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Local Facts

If there’s one thing that gets under my skin the most about local businesses on social media, it’s that they rarely take advantage of one of the most important types of posts: local facts. It’s a low-hanging fruit that is completely missed by most.

It starts with having a local following and fan base, of course, but if your page is in what we like to call stage 2, then local facts are an easy way to get people talking to your and about you. It’s one of the most important tools in our arsenal that we use to promote clients but it doesn’t take a team of social media specialists to make it happen. You can do it very easily on your own.

In the example above, you see this Long Beach Chevy dealer has a post up about an interesting fact for the Long Beach area. Someone saw it in their news feed, recognized it, then tagged their friend in a comment. The friend saw the post as a result and commented as well. He recognized the house in this case… it was his neighbor!

The individual interaction has an exceptional algorithmic effect on Facebook. Whenever anyone likes, comments, or shares a post, it has an opportunity to be seen by that person’s friends. When something like this happens where two friends are having an exchange on the post, the chances of their individual friends seeing the post increases, of course, but the chances of their shared friends seeing it shoot up exponentially. Once one of those friends like the post, now it’s very likely that their entire shared circle of friends will see the post.

This is a great thing because chances are very high that the majority of the people within this circle are within the market area of the dealership. That’s one of the ways the Facebook algorithm works. It’s one of the easiest ways to get posts like this to be liked by 30 local people and seen by over 1000 locals.

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Smoky Mountains

Facebook has been a challenging venue for marketers and advertisers ever since it started really getting popular in 2009. At that time, it was clear that it was the social network to beat and the company started trying to cash in with different types of advertising options. Most of them failed miserably for the same reason that many marketers continue to fail today: people go to Facebook to be entertained, not to be the recipient of ads.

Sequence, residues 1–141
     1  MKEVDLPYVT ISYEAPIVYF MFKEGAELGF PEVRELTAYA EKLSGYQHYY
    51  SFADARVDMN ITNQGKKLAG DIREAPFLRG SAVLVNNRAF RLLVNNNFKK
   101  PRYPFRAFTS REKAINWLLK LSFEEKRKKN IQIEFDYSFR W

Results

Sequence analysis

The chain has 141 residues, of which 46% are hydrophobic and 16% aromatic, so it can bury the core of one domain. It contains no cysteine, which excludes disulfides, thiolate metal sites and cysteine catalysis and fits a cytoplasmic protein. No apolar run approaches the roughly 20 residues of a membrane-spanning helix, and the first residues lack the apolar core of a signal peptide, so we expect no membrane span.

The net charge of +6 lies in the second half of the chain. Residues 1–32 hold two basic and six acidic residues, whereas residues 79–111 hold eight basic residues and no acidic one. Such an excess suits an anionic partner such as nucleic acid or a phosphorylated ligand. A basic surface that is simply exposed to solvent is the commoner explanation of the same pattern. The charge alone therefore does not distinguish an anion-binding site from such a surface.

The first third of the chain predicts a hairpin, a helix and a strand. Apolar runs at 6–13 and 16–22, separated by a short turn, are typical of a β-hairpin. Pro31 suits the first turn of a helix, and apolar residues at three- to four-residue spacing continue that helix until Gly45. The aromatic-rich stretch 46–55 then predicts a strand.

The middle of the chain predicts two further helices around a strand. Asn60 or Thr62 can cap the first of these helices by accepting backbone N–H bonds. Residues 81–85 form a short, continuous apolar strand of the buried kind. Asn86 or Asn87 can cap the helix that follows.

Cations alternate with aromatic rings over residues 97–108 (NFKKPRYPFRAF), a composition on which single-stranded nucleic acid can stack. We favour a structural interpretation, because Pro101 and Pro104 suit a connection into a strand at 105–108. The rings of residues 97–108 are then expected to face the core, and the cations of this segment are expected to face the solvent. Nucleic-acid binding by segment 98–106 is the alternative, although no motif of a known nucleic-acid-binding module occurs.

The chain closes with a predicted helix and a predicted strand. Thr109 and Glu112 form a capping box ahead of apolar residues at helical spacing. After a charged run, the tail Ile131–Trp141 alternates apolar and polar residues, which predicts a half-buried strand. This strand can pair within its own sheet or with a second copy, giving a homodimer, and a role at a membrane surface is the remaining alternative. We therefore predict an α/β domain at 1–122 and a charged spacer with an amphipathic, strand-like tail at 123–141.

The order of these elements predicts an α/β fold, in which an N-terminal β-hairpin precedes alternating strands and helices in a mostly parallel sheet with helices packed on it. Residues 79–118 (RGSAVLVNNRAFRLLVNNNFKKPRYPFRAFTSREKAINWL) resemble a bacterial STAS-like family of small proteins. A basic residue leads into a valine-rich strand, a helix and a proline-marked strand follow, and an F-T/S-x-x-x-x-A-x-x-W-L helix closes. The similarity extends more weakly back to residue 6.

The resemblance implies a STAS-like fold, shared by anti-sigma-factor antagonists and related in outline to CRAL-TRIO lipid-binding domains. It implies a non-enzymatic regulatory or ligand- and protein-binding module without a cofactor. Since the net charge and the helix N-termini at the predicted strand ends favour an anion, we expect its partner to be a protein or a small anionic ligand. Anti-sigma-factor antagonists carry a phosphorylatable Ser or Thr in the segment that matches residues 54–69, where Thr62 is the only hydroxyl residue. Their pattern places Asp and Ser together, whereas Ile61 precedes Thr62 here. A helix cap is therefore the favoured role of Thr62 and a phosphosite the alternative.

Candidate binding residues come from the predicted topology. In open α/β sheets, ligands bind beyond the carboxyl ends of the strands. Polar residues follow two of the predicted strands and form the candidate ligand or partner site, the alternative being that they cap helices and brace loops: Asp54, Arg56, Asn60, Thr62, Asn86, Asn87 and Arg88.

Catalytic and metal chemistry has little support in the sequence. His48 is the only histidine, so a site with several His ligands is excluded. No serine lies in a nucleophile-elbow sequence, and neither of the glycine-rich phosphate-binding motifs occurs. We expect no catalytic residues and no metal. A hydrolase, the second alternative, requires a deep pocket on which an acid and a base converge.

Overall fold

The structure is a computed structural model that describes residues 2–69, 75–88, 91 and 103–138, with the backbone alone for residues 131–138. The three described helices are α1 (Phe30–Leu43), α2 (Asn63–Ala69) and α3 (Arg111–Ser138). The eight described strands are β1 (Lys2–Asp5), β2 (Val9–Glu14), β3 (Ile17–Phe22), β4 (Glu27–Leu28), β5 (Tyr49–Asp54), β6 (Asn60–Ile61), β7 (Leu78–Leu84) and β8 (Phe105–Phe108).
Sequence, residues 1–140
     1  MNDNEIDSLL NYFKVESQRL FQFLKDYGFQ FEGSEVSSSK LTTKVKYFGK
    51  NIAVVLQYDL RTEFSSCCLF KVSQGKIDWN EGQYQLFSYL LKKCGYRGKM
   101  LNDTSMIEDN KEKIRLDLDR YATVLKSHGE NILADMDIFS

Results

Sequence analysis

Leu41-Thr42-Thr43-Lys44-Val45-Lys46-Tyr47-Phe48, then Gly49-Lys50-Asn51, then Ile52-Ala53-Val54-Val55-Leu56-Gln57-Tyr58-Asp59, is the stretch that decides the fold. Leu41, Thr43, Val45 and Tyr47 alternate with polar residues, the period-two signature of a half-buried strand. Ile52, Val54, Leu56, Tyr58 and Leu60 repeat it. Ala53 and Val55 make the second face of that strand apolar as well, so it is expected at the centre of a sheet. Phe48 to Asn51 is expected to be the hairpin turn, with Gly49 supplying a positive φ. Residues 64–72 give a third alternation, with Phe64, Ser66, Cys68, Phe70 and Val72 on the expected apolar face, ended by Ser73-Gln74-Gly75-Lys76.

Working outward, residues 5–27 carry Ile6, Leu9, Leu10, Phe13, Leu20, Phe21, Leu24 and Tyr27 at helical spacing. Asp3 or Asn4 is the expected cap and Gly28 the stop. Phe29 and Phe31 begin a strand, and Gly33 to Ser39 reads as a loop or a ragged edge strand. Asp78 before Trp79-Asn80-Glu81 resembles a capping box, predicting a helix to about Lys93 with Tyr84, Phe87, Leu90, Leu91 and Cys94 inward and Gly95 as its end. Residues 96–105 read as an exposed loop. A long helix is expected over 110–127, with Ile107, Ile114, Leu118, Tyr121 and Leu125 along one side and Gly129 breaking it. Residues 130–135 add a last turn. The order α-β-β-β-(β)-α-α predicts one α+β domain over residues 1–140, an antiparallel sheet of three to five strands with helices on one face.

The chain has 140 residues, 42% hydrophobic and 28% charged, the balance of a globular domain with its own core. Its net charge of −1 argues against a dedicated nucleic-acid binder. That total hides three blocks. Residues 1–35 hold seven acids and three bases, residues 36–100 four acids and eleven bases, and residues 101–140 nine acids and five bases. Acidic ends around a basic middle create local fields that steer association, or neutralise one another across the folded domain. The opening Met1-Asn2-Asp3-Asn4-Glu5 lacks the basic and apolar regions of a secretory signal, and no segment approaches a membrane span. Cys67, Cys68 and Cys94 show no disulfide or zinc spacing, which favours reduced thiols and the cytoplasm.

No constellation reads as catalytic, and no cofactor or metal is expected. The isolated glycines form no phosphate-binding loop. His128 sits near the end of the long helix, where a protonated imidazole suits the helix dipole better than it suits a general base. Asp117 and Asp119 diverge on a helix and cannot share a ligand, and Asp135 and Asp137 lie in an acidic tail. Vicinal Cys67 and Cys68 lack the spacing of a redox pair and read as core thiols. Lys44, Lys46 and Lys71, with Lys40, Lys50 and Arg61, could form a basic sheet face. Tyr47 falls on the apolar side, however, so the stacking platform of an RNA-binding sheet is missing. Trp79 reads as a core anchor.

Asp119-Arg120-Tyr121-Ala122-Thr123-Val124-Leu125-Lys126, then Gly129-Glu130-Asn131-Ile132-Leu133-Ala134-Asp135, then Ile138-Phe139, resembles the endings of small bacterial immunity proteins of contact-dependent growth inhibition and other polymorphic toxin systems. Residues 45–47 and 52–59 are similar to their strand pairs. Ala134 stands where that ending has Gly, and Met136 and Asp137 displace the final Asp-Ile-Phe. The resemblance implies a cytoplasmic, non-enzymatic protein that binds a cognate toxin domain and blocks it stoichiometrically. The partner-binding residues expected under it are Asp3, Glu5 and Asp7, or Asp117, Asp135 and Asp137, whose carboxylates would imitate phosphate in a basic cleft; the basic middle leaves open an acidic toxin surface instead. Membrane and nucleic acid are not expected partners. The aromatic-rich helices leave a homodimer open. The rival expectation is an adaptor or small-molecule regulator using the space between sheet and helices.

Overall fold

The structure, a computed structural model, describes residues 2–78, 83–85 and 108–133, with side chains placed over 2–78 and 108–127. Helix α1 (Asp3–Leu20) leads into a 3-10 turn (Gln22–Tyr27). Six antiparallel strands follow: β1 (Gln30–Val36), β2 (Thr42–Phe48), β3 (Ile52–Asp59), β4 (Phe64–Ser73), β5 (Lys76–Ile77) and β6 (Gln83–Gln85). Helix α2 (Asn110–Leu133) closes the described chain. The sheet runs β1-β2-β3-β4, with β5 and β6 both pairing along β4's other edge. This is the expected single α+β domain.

Today, it’s getting easier. People are more accepting of ads. A lot of it can be attributed to the way that Facebook has handled their promoted posts. They have done an excellent (some would say Draconian) job of keeping messages off of news feeds that are too promotional. Between the manual vetting they do of ads and the 20% text rule they apply to images, they’ve been able to keep a relatively strong balance between letting advertisers get their message out and keeping their users happy through minimized spam.

When it comes to putting out a message that resonates, that users can enjoy while still getting the promotional message out, businesses (local ones in particular) should consider adding a touch of fun and flair to their posts. In the example above, the goal of the car dealership in question is to promote their oil change special. There are a couple of different ways to go about doing this. They can make it a Facebook offer which can be very effective if the special is a true Facebook-only special. They could make it an event, but they would have to really make it a true event for that to work and few people would consider car maintenance an event. They could be direct – post about the special and throw some ad money at it. This is not recommended as the negative sentiment would murder the page’s EdgeRank.